Sports Medicine For Sports Injuries in Bel Air, MD

  1. Who is at Risk for a Sports Injury?
    All athletes in all sports are prone to injuries. From football to golf to cheer leading to dance, every athlete is as risk for injury.
  2. What is a repetitive motion injury?
    Most athletes suffer from repetitive motion sports injuries injuries that occur because they are doing the same motion over and over again. For example  a baseball pitcher who throws the ball over 300 times in one baseball game.
  3. I only play on the weekends can I get injured?
    Injuries often occur in what we call the “weekend warrior”; the 30-50 year old athlete that plays as if they were 17.
  4. Fun fact:
    Did you know female athletes are more prone to knee injuries? As girls become teenagers their hip start to change shape and can put strain on the knees making them more susceptible to injuries. And this risk worsens after childbirth. The easiest prevention is custom foot orthotics.

What Are the Most Common Sports Injuries?

The most common injuries in most sports are concussion, and sprains or strains.

How to treat a concussion

Treatment for concussions can be very tricky and most are still experimental. Initially rest is the best option, then moving into light exercises and rehab. Be careful of additional concussion injuries as multiple injuries to the brain often become more serious. Often times when there is trauma to the head and brain it also cause strains or sprains in the neck as well.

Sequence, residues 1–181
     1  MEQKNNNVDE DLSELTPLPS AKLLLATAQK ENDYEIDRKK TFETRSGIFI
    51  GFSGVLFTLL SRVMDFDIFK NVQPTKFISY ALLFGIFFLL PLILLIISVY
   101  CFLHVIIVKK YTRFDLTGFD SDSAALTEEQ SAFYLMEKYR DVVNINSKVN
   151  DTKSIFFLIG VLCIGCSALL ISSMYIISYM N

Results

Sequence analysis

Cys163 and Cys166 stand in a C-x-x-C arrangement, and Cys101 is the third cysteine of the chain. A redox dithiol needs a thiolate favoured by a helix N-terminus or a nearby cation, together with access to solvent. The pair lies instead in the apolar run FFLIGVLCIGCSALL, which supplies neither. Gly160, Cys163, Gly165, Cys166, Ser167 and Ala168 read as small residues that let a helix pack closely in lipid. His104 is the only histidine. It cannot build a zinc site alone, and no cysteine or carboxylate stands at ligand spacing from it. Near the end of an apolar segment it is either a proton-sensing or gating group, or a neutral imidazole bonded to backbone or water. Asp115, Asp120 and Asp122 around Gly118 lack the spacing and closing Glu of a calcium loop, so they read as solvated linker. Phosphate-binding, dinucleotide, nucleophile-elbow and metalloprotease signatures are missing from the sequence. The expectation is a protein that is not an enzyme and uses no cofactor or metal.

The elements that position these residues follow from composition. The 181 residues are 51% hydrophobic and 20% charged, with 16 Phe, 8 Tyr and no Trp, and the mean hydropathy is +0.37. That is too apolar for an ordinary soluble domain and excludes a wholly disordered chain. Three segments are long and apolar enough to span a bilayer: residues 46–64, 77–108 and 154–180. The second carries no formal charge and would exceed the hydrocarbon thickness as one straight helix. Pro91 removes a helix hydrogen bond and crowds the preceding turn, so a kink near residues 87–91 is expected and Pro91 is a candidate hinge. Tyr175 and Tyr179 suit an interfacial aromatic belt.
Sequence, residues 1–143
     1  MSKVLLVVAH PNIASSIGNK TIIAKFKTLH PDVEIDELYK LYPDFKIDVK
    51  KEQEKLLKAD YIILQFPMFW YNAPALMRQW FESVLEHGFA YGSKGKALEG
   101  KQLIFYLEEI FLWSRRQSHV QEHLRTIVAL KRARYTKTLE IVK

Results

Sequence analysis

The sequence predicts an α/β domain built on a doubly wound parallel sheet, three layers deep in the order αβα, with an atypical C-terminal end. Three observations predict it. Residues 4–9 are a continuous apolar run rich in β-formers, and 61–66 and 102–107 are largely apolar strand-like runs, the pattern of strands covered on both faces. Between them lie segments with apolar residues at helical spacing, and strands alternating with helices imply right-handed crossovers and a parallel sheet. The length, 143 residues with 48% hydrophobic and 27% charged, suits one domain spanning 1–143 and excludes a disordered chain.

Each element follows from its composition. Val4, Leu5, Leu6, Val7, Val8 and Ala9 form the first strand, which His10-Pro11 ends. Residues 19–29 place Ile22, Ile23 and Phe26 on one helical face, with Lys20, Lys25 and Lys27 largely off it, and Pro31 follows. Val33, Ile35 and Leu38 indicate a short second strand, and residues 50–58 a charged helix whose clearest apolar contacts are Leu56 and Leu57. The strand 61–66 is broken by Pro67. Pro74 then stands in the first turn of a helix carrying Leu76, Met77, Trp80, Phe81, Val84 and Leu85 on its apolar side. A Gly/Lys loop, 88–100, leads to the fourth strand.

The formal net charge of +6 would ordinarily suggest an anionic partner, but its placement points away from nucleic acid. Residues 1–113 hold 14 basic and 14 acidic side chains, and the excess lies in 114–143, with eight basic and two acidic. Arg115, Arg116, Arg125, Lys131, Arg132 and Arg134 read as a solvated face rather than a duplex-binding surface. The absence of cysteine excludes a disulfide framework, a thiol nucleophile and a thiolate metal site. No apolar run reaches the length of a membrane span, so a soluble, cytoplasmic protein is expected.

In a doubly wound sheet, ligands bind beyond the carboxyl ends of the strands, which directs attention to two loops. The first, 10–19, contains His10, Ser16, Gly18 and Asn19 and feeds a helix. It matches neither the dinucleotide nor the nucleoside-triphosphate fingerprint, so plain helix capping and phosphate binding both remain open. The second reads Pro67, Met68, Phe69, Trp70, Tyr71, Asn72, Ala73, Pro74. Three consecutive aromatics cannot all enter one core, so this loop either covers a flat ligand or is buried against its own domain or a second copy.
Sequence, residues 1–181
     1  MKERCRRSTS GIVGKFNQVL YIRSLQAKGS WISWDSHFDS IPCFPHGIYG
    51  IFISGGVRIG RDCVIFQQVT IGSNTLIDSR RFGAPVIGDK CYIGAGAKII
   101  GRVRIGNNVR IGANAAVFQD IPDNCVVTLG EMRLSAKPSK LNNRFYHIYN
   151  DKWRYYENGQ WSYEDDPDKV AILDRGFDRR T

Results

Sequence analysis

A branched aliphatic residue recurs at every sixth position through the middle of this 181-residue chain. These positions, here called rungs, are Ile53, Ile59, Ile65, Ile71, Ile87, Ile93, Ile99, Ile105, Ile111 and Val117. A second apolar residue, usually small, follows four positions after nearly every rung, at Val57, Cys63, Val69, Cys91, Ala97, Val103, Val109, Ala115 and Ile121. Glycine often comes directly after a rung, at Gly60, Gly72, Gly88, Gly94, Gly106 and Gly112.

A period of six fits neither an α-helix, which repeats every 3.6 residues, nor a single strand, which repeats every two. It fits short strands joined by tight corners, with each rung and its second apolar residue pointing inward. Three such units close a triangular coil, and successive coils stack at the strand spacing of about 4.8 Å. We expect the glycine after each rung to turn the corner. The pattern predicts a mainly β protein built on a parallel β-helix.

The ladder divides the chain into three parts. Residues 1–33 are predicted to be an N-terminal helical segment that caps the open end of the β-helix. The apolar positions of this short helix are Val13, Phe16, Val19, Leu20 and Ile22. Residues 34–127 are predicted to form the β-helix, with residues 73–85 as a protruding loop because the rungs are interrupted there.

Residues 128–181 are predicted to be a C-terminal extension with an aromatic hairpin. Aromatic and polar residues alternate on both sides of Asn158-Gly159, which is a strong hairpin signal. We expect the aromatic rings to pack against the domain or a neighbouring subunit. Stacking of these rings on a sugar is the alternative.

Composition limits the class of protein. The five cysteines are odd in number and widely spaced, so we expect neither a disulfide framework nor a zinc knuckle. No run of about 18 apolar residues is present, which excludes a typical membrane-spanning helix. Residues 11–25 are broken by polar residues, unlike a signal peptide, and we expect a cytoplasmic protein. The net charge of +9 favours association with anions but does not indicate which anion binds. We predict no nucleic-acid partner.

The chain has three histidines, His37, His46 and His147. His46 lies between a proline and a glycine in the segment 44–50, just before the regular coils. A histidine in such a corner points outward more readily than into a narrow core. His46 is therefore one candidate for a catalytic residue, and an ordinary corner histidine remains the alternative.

Treatment for Sprains and Strains

At Home remember P.R.I.C.E.

  • Protection – i.e tape, braces and wraps
  • Rest – often underrated and underused; but give it a break. One day of rest can prevent a more serious injury that can remove the athlete for an entire season or permanently
  • Ice -While never fun, Ice is always nice. Ice the affected area for 15-20 minutes, 3-5 times per day for the first 24-72 hours to reduce swelling. Leave ice off at least 1 ½ hours between applications.
  • Compression – Wrap affected area starting with the area furthest from the heart, using even pressure. Wear until swelling decreases, loosen if the skin beyond the wrap starts turning blue, black or purple.
  • Elevation – keep the injured area above the heart.

See a doctor if:

  • If there’s a bone sticking out, obviously.
  • Also if the injured area starts to go numb, the swelling and discoloration continues to worsen, you can’t bear any weight, or